I work 100% remote and have a pin+rsa VPN login, but my AD password changes every 90 days. How on earth is my password being compromised? It isn't. Quit treating it like it is.

Comment Automatic tolling + time exemptions (Score 1) 469

Why not put automatic tolling during commute hours, at a fairly high rate, that is exempted when you enter the area but spend at least 30 minutes there before leaving?

It would capture funds from the people just cutting through during rush hour, or deter them from using the street.

If you decide to stop from breakfast or other forms of business within the area, you're not tolled as you spent more than X minutes in the area.

Comment Re:Do they really think that will work? (Score 1) 73

These workers will be canned, blacklisted, and replaced by younger people willing to work for vastly less - all in under a week. The official message from our dear government after that (disseminated by the "terrible media" that the same government claims to hate so much) will be that it is all the fault of the workers and their union.

These are the people that work on the POTS network.
Perhaps if AT&T had thought ahead and moved to fiber end-to-end years ago, this wouldn't be an issue.
However, they still have tons of copper in the ground, and you're not going to find someone at a job fair that knows how to deal with that.

Comment Re:Never give a number (Score 1) 435

First, if I have a req for an engineer with a range of $160K-$190K, if you are making $220K I know it's unlikely that you will accept this job.

That's an easy problem to solve. Just say "My range is $160k to $190k, and those are firm. Are you interested in continuing?"

If you don't want to trust the candidate with those numbers, why should they trust you with theirs?

Comment Apple TV or Roku at reduced price (Score 1) 25

I was planning on getting an gen 4 Apple TV anyhow.
With the promo they were running, I was able to get one cheaper than I would have anyhow, and then get 3 months of shitty TV with unskipable ads included.
Since I was already paying for Sling, I switched to this.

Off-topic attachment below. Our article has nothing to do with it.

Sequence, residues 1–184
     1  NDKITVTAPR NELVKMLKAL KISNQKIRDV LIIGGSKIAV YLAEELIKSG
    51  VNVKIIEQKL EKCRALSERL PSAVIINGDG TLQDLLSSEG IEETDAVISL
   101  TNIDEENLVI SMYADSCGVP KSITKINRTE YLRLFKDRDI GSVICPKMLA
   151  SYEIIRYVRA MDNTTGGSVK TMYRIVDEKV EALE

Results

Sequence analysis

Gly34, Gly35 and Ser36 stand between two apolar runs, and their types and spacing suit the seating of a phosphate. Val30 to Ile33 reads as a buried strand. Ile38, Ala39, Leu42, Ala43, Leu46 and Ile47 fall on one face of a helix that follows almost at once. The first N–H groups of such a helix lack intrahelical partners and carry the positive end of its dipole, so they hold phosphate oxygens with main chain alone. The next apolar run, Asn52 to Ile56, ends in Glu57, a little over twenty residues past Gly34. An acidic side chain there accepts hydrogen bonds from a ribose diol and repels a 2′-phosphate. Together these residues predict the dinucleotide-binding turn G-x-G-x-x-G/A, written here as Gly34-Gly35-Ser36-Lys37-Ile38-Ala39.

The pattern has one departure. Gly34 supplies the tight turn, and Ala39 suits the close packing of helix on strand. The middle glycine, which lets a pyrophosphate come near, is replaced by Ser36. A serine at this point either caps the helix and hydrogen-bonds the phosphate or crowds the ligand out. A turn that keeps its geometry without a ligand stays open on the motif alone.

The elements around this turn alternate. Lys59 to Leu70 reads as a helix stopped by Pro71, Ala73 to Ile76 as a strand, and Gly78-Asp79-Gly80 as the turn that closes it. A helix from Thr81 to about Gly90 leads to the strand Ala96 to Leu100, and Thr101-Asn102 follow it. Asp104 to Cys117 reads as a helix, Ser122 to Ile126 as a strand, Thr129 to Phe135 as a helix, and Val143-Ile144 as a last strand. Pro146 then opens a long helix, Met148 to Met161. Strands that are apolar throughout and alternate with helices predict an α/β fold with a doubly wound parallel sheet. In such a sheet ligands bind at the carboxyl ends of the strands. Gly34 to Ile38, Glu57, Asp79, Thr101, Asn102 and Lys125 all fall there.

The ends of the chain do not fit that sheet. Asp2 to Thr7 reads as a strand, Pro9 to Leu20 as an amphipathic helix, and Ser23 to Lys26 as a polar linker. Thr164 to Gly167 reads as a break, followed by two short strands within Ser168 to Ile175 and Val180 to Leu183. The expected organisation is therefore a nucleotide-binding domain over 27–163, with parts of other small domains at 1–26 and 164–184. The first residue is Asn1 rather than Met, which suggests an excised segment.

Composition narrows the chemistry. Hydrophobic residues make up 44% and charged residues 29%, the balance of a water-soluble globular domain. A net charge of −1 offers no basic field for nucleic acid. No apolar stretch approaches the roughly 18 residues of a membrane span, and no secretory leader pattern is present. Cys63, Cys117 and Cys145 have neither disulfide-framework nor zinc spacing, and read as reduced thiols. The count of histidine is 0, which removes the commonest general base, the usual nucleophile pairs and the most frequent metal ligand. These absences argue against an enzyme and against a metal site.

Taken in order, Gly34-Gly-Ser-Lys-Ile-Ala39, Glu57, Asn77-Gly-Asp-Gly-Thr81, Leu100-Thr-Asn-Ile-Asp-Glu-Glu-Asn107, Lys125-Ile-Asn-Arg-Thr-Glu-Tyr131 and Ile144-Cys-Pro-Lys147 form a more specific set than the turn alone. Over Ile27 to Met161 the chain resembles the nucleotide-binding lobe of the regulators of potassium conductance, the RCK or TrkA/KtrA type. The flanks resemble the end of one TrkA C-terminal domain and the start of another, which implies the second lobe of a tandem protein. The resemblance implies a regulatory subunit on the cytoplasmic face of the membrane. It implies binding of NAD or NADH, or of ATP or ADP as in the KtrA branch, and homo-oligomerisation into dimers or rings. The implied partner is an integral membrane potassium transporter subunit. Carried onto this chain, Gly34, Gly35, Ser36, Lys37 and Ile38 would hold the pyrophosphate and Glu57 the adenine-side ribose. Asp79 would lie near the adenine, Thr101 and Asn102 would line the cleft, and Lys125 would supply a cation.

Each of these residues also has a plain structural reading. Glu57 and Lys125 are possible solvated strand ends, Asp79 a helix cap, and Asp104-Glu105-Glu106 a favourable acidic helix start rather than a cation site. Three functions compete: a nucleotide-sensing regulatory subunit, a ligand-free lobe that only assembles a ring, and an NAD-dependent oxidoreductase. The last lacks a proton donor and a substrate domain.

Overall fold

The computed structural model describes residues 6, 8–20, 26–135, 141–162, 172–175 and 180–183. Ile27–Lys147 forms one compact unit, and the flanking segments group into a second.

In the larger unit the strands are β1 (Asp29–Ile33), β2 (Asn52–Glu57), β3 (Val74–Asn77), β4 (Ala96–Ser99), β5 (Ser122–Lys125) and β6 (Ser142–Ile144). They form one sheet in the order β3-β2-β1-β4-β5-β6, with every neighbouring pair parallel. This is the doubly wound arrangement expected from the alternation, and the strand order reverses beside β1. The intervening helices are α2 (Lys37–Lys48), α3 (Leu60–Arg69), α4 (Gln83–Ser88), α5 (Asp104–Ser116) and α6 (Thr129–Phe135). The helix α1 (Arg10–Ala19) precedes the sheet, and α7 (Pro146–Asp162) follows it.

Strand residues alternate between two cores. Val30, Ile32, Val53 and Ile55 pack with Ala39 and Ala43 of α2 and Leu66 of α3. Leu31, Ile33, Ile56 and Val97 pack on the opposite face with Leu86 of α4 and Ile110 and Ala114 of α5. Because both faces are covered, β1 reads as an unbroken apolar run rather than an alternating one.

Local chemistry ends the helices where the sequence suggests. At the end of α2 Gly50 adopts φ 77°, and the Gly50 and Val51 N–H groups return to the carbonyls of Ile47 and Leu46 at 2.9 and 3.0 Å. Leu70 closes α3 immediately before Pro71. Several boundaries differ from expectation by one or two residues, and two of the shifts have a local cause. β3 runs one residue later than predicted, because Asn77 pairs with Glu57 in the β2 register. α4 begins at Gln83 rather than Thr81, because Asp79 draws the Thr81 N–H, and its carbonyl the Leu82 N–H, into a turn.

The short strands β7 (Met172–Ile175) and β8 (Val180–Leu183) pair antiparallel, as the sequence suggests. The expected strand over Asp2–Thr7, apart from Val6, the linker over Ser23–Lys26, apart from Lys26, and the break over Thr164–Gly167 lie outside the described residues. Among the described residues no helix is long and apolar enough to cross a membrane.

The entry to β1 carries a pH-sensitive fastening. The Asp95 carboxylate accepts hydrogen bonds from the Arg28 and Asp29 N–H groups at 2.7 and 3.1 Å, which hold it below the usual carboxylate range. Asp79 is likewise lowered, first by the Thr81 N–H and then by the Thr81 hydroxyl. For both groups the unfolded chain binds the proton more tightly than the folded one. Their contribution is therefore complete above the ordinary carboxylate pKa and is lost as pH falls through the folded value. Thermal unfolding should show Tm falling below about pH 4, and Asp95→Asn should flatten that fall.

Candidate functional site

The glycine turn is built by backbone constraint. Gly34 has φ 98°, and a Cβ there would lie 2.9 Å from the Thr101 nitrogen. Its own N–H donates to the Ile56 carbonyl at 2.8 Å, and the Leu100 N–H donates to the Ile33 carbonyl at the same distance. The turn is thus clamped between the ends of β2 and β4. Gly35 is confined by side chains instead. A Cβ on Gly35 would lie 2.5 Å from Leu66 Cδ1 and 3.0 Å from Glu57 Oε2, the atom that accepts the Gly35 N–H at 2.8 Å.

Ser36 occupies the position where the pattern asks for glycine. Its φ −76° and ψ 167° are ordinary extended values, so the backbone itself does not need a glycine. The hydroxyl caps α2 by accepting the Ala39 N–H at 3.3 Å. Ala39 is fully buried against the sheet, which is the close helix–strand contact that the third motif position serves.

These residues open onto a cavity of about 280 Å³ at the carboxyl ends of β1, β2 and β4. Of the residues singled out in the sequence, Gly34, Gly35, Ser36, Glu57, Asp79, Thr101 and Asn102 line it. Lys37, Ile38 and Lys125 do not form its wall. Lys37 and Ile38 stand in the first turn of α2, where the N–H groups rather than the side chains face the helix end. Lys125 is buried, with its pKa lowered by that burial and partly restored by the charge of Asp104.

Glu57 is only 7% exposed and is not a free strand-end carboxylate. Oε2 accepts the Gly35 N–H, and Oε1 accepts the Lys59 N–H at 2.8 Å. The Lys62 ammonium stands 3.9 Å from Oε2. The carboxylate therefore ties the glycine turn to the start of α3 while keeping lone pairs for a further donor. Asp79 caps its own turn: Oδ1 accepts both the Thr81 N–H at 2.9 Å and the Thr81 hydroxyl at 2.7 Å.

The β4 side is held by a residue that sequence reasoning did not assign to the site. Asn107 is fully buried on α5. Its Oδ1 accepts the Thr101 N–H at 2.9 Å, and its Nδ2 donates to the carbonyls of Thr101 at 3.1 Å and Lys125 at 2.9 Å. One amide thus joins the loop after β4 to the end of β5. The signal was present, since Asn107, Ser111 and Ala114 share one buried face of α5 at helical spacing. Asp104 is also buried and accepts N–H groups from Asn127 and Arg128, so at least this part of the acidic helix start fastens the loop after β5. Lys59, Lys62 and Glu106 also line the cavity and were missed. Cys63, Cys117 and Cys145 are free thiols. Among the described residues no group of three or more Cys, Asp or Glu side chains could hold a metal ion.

Honestly, I think I may switch back to Dish or DirecTV after my 3 months are up in March. I'll pay a premium to be able to record my shows again and skip commercials.

Comment Re:Over The Top subscription streaming content (Score 1) 164

Why? It's not like there is a shortage of space in, erm, space, is there?

There is plenty of room in the ocean, too.

The point is that the more wasted space you have, the harder it is to make something tough and maneuverable. Hence the reason the USS Defiant was so small.

It makes sense that a floating cruise ship like the Enterprise-D had such huge hallways. It even had daycare, which was part of the plot.

However, military/scientific vessels in the years before where everyone on board was working, and not a spouse or child, should have been focused on the mission and designed as such. Hallways should only be as wide as needed.

Now, in defense of ST:TNG, even the Enterprise-D frequently highlighted the purely functional and cramped nature of the Jefferies Tubes: https://en.wikipedia.org/wiki/...

Comment Re:Neither fish nor foul (Score 1) 167

I wonder what 3rd parties think of a device that yet again probably has little chance of platform parity with its competitors.

Why have a 3rd flavor of chocolate?

The Nintendo trend has been to do something different from PC, Xbox, and PlayStation.

I'm not a Nintendo person, or plan on getting this, but I see that they sell quite well. I assume this is because they're not the same.
As for the 3rd parties, I don't think they're trying to fit CoD on these. The games for Nintendo have never been bleeding edge, they focus more on fun at a lower rez.

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A large number of installed systems work by fiat. That is, they work by being declared to work. -- Anatol Holt